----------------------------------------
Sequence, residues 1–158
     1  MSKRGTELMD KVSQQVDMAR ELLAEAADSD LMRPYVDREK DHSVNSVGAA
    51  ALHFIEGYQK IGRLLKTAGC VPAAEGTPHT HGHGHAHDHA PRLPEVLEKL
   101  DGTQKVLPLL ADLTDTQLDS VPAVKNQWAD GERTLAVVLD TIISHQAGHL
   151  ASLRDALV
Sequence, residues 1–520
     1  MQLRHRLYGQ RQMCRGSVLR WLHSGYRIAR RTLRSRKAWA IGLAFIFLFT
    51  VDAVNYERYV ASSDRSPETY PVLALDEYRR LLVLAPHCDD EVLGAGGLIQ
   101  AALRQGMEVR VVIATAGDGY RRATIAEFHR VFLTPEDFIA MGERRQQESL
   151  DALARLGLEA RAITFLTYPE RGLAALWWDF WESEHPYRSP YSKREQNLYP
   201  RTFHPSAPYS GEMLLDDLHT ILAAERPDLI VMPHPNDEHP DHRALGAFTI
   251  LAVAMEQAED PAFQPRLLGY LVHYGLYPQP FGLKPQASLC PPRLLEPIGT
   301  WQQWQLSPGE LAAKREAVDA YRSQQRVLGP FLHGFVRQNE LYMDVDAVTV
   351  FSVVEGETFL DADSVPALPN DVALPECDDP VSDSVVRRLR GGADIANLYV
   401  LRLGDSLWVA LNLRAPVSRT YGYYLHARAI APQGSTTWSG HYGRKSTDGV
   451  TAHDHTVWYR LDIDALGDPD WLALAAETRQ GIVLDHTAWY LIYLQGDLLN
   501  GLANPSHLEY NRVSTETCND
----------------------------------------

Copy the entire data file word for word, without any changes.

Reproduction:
Sequence, residues 1–158
     1  MSKRGTELMD KVSQQVDMAR ELLAEAADSD LMRPYVDREK DHSVNSVGAA
    51  ALHFIEGYQK IGRLLKTAGC VPAAEGTPHT HGHGHAHDHA PRLPEVLEKL
   101  DGTQKVLPLL ADLTDTQLDS VPAVKNQWAD GERTLAVVLD TIISHQAGHL
   151  ASLRDALV
Sequence, residues 1–520
     1  MQLRHRLYGQ RQMCRGSVLR WLHSGYRIAR RTLRSRKAWA IGLAFIFLFT
    51  VDAVNYERYV ASSDRSPETY PVLALDEYRR LLVLAPHCDD EVLGAGGLIQ
   101  AALRQGMEVR VVIATAGDGY RRATIAEFHR VFLTPEDFIA MGERRQQESL
   151  DALARLGLEA RAITFLTYPE RGLAALWWDF WESEHPYRSP YSKREQNLYP
   201  RTFHPSAPYS GEMLLDDLHT ILAAERPDLI VMPHPNDEHP DHRALGAFTI
   251  LAVAMEQAED PAFQPRLLGY LVHYGLYPQP FGLKPQASLC PPRLLEPIGT
   301  WQQWQLSPGE LAAKREAVDA YRSQQRVLGP FLHGFVRQNE LYMDVDAVTV
   351  FSVVEGETFL DADSVPALPN DVALPECDDP VSDSVVRRLR GGADIANLYV
   401  LRLGDSLWVA LNLRAPVSRT YGYYLHARAI APQGSTTWSG HYGRKSTDGV
   451  TAHDHTVWYR LDIDALGDPD WLALAAETRQ GIVLDHTAWY LIYLQGDLLN
   501  GLANPSHLEY NRVSTETCND